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There has been a settlement in the area since at least 1086 when the hamlet was called Elwistone, possibly originating from the Welsh names Elwin or Helys. Over the centuries there have been several variations of name e.g. Ailstone and Heliston. The latter being the name of a terrace of houses in the modern day village.
The name Pontrilas originally only belonged to the manor house, once one of the homes of the Baskerville family, which sits beside the bridge over the River Dore, near where it meets the Dulas brook and another smaller stream. From 1750 the hamlet was also marked as Pontrilas on maps.
With the coming of the Great Western Railway branch line in 1854 and later the Golden Valley Railway line in 1881 the hamlet grew in importance. The village had a cattle market and a pub, The Pontrilas Inn built by the Scudamore family, who still own a lot of land in the area. Sadly the pub was burned down in the 1970s. There was also a chemical factory owned by Wrekin Chemical Co beside the main railway line to the north of the village.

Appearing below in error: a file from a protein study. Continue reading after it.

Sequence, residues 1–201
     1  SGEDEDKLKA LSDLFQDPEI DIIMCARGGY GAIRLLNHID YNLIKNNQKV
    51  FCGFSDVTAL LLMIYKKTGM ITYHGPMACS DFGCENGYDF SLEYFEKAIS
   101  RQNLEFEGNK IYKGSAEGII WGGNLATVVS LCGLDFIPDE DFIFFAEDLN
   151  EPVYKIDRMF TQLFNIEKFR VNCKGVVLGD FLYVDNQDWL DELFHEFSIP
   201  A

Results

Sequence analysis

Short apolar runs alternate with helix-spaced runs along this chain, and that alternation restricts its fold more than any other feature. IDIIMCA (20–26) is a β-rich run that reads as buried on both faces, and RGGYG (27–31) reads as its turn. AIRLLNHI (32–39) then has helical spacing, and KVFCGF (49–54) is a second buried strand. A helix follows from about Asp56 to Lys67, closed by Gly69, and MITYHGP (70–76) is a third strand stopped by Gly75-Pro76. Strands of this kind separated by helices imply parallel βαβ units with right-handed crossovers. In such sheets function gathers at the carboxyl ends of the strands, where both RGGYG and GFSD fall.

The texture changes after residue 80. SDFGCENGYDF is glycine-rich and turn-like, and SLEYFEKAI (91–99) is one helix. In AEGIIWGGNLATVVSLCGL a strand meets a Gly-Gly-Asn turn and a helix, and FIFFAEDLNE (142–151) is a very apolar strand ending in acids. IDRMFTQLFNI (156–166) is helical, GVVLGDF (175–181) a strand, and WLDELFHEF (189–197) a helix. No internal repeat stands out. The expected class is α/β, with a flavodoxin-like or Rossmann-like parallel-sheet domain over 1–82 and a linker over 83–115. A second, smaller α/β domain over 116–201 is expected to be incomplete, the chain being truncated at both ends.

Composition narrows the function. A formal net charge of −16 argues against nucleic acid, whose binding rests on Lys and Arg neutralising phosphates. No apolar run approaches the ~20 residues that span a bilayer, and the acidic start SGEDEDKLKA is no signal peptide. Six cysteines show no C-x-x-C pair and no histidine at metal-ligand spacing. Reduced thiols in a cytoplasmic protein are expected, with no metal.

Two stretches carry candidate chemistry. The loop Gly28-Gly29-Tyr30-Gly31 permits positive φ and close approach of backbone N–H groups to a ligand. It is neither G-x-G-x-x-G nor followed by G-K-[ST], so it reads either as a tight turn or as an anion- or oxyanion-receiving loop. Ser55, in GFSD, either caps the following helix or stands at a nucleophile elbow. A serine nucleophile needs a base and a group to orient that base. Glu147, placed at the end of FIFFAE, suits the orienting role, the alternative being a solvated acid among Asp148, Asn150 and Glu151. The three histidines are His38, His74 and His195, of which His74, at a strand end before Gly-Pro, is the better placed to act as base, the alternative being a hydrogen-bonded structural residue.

Since the closing of the station in 1958 the village has declined in importance, though it does still boast an auction room and a number of businesses including Pontrilas Timber which has been there since 1947, an estate agency and a number of other smaller businesses. The former World War II Elm Bridge munitions depot is now the site of the Qinetiq managed Pontrilas Army Training Area.
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